Re: Casting light on the overlooked trigger point of the interosseous muscles in metatarsalgia: insights and treatment strategies

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Ultrasonography. 2024;43(4):297-298
Publication date (electronic) : 2024 June 3
doi :
1Department of Radiology, SMG-SNU Boramae Medical Center, Seoul, Korea
2Department of Radiology, Seoul National University College of Medicine, Seoul, Korea
Correspondence to: Jee Won Chai, MD, Department of Radiology, SMG-SNU Boramae Medical Center, 20 Boramae-ro 5-gil, Dongjakgu, Seoul 07061, Korea Tel. +82-2-870-2549 Fax. +82-2-870-3531 E-mail:
Received 2024 May 30; Revised 2024 June 3; Accepted 2024 June 3.

We read the letter to the editor by Dr. Alyanak et al. [1] with great interest and would like to express our gratitude for highlighting this valuable topic for discussion.

Myofascial pain syndrome (MPS) is a prevalent cause of musculoskeletal pain, accounting for up to 30% of musculoskeletal complaints in primary care settings [2,3]. MPS is identified by the presence of one or more myofascial trigger points. Typically, the diagnosis of MPS is established through a physical examination, which involves palpating the hard nodule (myofascial trigger point) that triggers pain and disability within the taut bands of skeletal muscles [3,4]. Histologically, the so-called "trigger point complex" consists of normal or abnormal muscle fibers with focal enlargements (contraction knots) and mechanical disorganization of the extracellular matrix. These changes can be observed as macroscopic alterations in texture via ultrasonography [4]. The trapezius muscle is the most frequently affected and studied area for using ultrasonography to visualize myofascial trigger points [4-6]. Ultrasonographic studies characterize myofascial trigger points as localized hypoechoic regions within the muscle, which may exhibit changes in blood flow and increased stiffness in sonoelastographic studies [4-6].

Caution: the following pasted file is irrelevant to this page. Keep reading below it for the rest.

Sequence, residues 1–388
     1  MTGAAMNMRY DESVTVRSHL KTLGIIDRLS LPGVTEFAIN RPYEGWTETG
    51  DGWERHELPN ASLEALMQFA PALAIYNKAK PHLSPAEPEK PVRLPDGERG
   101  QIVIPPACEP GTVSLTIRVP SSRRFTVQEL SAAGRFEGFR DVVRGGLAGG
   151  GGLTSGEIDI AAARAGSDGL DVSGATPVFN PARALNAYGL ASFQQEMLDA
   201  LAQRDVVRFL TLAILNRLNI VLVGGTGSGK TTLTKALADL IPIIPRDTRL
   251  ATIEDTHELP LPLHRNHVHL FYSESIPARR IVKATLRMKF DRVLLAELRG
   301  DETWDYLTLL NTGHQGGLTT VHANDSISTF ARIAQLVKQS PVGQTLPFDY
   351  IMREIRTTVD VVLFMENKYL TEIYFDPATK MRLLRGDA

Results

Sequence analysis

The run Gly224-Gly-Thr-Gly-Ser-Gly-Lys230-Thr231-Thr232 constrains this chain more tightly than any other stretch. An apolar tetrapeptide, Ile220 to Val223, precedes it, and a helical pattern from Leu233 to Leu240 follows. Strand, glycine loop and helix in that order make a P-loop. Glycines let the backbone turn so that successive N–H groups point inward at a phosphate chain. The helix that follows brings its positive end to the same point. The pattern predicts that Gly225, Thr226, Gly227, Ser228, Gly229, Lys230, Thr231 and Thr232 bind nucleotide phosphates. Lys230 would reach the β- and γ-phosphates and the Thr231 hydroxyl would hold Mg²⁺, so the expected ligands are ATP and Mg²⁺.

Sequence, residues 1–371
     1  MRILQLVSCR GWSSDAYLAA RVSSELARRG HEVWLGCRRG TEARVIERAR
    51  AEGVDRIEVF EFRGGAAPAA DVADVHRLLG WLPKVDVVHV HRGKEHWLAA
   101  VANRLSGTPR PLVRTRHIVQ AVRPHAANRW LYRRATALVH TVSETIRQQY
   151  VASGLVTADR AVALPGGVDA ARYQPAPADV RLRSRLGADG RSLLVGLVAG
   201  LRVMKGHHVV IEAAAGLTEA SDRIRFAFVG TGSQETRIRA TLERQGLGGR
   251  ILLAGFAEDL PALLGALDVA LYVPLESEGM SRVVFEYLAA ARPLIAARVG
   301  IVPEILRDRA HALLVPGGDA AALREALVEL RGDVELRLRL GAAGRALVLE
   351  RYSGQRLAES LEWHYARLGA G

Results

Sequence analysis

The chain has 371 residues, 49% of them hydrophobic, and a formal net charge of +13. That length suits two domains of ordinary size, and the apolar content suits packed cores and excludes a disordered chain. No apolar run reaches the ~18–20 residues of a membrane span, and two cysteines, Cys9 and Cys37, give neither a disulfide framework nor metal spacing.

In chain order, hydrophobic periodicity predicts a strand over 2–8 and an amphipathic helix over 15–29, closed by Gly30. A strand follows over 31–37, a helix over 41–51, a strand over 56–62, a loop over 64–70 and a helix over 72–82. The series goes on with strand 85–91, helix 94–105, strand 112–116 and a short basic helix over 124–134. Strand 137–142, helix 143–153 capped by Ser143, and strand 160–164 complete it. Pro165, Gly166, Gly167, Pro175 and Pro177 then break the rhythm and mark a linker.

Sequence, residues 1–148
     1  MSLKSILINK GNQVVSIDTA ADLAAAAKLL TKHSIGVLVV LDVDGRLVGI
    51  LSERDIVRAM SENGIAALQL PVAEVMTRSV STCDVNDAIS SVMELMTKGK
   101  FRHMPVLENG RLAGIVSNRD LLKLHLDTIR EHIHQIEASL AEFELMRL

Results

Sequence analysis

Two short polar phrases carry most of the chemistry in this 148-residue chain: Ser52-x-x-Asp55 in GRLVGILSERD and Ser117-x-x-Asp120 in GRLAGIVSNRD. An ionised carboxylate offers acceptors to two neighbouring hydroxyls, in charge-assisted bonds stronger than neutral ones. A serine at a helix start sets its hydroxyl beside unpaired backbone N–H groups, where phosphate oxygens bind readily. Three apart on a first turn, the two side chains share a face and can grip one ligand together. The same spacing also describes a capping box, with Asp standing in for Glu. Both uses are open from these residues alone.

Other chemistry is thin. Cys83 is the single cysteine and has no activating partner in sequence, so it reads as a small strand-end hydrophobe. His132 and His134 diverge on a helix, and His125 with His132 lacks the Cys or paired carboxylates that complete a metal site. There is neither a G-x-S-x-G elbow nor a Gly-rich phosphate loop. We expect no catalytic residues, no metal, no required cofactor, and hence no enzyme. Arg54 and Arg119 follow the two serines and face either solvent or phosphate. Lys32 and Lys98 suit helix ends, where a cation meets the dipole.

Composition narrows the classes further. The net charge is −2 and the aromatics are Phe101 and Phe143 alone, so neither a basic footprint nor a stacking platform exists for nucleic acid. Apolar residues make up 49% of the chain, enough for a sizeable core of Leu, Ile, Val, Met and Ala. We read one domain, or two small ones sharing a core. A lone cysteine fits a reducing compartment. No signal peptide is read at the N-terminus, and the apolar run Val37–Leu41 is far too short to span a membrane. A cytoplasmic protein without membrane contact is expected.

However, as Dr. Alyanak et al. [1] stated, the literature on the use of ultrasonography for diagnosing MPS is quite limited and requires further investigation [6]. To date, there are no documented cases of ultrasonography being used to diagnose MPS in the interossei muscles or any other areas of the foot. The identification of myofascial trigger points within the interossei muscles can be particularly challenging due to their small size and oblique orientation. Our review article primarily addressed the ultrasonographic differential diagnosis of metatarsalgia [7], and therefore, discussions of MPS and associated interventional procedures were not included within its scope. However, we appreciate Dr. Alyanak et al. for providing the opportunity to offer additional insights on MPS, which is also a potential contributor to metatarsalgia.


No potential conflict of interest relevant to this article was reported.


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